Rafael Nadal had defeated unseeded American Frances Tiafoe in straight games to enter the semi-finals.
Rafael Nadal handed rising star Stefanos Tsitsipas a tennis lesson Thursday as he drubbed him 6-2, 6-4, 6-0 in the Australian Open semi-final. Greek 14th seed Tsitsipas had enjoyed a fairytale run to his first Grand Slam last four, including a win over Roger Federer, but found Nadal in ruthless form as he won in 1hr 46min. The Spanish second seed has not dropped his serve for an astonishing 63 straight games and has not lost a set on his way to the final, where he will face either Novak Djokovic or Lucas Pouille.
“It’s been a great match, a great tournament,” Nadal said after a breathtaking display of almost perfect tennis.
“I think I have played very well every day. After a lot of months without playing is probably this court, this crowd it gives me that unbelievable energy.”
The 20-year-old Tsitsipas had been hailed as a new Greek god of tennis after beating Federer, but his ascent to the summit of his personal Olympus was comprehensively halted by the colossus called Nadal.
Nadal’s win put him into his fifth Australian Open final and keeps him on course to become the first man to win all four Grand Slams twice in the Open era if he can add to his sole Melbourne Park crown in 2009.
Tsitsipas, in just his second Australian Open and seventh appearance at a Grand Slam, was looking to become the first Greek player — man or woman — to reach a final in a major.
“He has everything to become a multi-Grand Slam champion,” Nadal said of the young Greek, who enjoyed a breakthrough 2018, winning the ATP Tour NextGen Finals.
“When at that age he is in the semi-finals that says a lot of good things about him and winning the matches that he won already, so, yeah, I hope to face him in important rounds in the next couple of years, hopefully.”
Nadal, who shattered the dreams of two other NextGen stars 19-year-old Alex de Minaur and 21-year-old Frances Tiafoe by jumping all over their serves early, made another immediate statement.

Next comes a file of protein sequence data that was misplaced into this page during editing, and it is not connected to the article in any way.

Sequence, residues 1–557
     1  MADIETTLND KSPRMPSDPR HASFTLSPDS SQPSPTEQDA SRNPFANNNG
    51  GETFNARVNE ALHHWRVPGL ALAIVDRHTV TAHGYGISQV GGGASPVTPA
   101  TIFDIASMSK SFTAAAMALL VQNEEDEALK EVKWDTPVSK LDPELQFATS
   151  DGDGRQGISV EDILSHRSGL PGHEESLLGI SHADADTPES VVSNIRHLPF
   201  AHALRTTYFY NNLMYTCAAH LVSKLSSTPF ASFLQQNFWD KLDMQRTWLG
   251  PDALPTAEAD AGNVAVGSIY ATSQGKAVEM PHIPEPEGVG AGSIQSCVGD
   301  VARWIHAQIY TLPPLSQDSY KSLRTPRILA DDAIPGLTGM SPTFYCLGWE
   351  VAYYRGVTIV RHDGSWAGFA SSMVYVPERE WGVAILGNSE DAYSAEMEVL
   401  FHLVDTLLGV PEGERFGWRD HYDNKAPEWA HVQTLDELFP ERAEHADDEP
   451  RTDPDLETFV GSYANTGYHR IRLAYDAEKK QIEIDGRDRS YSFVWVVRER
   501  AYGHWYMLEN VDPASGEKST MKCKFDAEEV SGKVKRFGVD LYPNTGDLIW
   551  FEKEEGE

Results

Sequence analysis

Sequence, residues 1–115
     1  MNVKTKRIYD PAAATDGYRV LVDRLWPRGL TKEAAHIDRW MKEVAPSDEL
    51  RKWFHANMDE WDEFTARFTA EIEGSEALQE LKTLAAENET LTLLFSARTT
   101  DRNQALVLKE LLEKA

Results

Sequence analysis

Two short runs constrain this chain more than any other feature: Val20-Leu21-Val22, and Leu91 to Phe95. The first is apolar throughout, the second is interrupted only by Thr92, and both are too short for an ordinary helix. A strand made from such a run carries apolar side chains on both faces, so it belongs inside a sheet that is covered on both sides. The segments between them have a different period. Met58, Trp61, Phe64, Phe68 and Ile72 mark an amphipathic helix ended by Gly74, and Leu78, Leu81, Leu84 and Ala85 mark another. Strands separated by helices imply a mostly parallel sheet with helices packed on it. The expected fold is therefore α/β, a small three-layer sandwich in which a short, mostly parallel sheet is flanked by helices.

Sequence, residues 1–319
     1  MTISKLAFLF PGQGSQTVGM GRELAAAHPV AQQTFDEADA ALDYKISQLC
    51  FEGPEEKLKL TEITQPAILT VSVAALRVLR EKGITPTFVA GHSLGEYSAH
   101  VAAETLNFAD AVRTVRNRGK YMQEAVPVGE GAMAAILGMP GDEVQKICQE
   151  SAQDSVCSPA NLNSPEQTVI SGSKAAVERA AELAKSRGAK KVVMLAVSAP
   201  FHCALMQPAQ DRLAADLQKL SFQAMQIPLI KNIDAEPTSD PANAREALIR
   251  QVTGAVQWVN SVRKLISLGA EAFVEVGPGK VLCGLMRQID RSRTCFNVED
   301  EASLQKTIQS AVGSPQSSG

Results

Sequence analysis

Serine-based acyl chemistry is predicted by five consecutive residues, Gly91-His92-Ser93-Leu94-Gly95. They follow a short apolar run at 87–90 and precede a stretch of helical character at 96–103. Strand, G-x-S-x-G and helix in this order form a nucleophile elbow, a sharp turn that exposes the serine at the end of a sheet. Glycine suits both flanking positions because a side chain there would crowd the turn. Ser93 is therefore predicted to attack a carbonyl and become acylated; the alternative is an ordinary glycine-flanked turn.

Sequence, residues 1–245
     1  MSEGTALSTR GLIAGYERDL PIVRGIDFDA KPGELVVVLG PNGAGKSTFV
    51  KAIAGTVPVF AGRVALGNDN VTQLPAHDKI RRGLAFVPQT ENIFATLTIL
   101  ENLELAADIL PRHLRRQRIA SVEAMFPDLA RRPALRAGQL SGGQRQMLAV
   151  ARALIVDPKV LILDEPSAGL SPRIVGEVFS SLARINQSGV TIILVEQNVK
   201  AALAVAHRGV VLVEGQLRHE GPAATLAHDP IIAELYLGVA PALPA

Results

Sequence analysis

At 1-1 a rasping double-handed backhand and a forehand winner gave him a first break point which the Spaniard duly converted.
With the pressure mounting, Tsitsipas tried to hammer his way out of trouble at 4-2 down by going for huge serves.
Two double faults were the result and with his strategy being scrambled, an ill-advised drop shot gave the rapidly advancing Nadal an easy kill to extend his advantage to 5-2 before serving out the set in just 31 minutes.
The second stanza was on serve at 2-2 when Nadal pulled off the shot of the tournament, a running forehand around the net post from almost behind the umpire’s chair on his way to earning three break points.
This time the early break did not come as Tsitsipas suddenly found his first serve accuracy when he needed it most and crucially clung on to hold with an ace.
But at 4-4 he was in trouble again as Nadal swarmed all over him and took the break and again served for a two-set cushion after just 75 minutes of play.
And the great Spaniard was in no mood to hang about at the start of the third, breaking Tsitsipas not once but three times to inflict a humiliating 6-0 “bagel” on the youngster in a further 31 minutes.
The second break came with the help of another outrageous forehand winner after being wrong-footed, a dreamy lob winner followed by a tricky backpedalling overhead smash made to look ridiculously easy.